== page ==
Give them a ring and be a good listener. Don’t just talk about yourself (I’m guilty as charged!)
Make them a favourite dessert and pop it round to them at home.
Invite them for a treat that they like, such as a massage or swim.
Offer to babysit/dogsit (as applicable).
Travelling with a Grown up Family
There are lots of tips for handling holidays with tiny-tots or teenagers, but far less information around for managing harmonious travel with grown up, or almost grown up children. These are my top tips for ensuring a harmonious time, rather than a holiday from hell
Time Out Don't feel you have to do everything together all of the time. Your kids are used to being independent so let them have some space. If they don't want to do everything with you and just want to 'chill' at home don't sweat it, it doesn't really matter if they don't tick off everything on your 'sight-seeing' agenda.
Treat your Family Like Friends Although I'm a firm believer that parents should be 'parents' to their off-spring and not their 'friends', I relax this rule a bit on holidays. After all in the same way you choose which friends to travel with you are choosing to take your grown up kids away with you. It makes sense to therefore afford them the same level of respect that you would your actual friends. If that sounds too 'goody-goody' to be true, it really isn't - all I mean is wait untli they are not there to have a moan and gossip about them!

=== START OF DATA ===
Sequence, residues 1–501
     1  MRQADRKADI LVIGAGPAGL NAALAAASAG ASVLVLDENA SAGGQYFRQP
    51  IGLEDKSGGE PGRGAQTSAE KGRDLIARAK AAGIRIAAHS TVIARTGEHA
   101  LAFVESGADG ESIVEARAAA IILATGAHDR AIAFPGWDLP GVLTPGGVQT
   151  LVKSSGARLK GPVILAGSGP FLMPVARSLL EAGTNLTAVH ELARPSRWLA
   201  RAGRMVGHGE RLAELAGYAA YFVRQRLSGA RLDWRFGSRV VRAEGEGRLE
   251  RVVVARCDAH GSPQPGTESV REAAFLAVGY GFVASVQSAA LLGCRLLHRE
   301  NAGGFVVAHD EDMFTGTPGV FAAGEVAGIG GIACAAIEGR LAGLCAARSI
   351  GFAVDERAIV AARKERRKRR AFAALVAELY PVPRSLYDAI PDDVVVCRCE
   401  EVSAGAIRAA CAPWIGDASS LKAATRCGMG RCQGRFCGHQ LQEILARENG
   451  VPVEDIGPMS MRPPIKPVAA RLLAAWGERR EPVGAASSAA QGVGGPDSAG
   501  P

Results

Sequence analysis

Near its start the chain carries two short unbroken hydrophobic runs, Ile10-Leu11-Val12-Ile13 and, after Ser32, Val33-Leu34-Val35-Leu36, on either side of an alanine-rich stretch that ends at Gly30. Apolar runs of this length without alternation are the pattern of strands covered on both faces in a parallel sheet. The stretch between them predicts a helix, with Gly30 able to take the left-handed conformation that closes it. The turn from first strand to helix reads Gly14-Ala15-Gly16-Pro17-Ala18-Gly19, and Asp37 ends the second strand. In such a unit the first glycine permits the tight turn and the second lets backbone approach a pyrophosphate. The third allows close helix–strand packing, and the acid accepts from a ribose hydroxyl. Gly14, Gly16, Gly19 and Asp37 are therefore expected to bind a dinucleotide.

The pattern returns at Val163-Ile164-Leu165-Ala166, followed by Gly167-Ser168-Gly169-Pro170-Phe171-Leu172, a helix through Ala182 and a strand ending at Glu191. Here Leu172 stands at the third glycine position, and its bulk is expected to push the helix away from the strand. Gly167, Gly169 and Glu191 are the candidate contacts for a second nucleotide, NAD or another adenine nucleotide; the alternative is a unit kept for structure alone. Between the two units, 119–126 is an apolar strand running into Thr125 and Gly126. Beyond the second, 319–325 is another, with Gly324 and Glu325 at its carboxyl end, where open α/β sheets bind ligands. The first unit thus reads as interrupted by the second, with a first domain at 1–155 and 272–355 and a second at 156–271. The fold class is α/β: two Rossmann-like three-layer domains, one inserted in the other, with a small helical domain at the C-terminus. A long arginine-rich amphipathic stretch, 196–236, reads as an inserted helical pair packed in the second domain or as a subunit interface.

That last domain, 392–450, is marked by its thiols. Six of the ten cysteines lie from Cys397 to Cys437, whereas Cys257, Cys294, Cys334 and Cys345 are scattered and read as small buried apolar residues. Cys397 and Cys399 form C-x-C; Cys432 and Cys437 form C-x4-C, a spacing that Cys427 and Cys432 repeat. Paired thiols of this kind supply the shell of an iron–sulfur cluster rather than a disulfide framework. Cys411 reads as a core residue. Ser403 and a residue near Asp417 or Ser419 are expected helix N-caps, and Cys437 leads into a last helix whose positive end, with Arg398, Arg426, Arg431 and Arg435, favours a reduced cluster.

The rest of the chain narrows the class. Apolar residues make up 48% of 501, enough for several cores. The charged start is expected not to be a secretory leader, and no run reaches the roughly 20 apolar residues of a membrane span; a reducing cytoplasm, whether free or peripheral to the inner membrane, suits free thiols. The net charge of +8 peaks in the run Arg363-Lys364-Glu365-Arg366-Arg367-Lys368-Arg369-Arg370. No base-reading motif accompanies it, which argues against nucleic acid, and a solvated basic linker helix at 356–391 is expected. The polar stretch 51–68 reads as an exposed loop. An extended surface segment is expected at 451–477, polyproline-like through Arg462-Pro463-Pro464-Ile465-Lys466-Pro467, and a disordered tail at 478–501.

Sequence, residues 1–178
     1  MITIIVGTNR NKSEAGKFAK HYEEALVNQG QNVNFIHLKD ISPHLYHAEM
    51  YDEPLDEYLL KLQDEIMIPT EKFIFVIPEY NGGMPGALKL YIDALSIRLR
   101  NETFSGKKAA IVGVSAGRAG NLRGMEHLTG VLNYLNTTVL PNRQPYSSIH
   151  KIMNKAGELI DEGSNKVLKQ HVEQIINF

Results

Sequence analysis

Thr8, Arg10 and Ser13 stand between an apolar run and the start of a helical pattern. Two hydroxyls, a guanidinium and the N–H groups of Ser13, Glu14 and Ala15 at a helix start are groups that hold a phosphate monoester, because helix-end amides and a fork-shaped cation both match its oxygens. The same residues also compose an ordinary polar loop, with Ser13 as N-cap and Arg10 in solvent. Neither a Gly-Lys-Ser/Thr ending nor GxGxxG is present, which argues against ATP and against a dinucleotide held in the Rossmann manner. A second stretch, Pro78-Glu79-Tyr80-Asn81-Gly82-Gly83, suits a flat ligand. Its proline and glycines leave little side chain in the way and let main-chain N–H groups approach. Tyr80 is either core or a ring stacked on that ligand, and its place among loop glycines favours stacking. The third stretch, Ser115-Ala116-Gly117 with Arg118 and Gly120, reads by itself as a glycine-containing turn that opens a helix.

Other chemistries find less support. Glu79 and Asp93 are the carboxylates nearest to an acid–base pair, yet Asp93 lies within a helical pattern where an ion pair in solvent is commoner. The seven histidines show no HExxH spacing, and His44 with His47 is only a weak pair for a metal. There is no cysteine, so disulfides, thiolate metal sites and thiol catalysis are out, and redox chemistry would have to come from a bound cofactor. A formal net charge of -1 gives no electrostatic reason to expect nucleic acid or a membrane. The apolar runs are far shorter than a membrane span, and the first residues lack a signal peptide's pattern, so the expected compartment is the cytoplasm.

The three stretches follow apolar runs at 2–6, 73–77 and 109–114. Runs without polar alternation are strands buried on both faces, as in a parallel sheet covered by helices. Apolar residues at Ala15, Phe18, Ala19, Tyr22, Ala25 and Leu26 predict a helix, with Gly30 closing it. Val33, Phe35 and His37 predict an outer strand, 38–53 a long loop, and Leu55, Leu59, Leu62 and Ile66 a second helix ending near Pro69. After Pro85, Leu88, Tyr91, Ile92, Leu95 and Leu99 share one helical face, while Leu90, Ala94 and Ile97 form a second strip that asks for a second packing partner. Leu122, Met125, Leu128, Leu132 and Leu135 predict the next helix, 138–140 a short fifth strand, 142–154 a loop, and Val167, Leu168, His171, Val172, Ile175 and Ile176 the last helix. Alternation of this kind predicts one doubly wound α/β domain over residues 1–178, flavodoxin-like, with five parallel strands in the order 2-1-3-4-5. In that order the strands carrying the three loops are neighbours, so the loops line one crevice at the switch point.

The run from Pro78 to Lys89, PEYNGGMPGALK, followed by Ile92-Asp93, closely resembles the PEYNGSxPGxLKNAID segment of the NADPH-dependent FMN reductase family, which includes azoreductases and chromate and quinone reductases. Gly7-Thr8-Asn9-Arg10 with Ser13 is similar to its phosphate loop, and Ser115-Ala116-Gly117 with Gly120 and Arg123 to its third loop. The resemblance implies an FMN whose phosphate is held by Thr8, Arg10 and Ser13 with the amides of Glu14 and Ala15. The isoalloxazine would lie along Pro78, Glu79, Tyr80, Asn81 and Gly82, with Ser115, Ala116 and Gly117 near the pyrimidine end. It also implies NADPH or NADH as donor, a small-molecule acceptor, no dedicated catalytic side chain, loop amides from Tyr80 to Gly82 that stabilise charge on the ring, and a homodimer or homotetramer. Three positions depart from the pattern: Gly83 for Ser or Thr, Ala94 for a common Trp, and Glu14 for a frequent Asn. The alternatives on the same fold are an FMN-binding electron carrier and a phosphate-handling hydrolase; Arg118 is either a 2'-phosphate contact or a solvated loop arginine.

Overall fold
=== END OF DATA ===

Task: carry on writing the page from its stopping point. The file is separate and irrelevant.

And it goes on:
Timings Know yours (and more likely your kids) tolerance levels of how much time they can spend together as a farmily unit before everyone starts driving each other mad. It is quality not quantity that is important! So if after a week or two your grown-up children want to dump you and go back to their uni friends for a few days don't take it as a personal snub. Guilt tripping them is not a good plan. #Just saying!
Phones Do not comment on screen time usage. They are grown ups and can use their phones as much as they like. I was going to say don't feel obliged to foot the bill for extra 4G data when travelling in remote areas, but who am I kidding, just pay the bill!
Reminisce Presumably if you are travelling with grown up kids it is because holiday experiences have been fun in the past. Take a trip down memory lane and reminisce about the good times you've had together.
Play Games In my opinion you're never too old to play cards after dinner..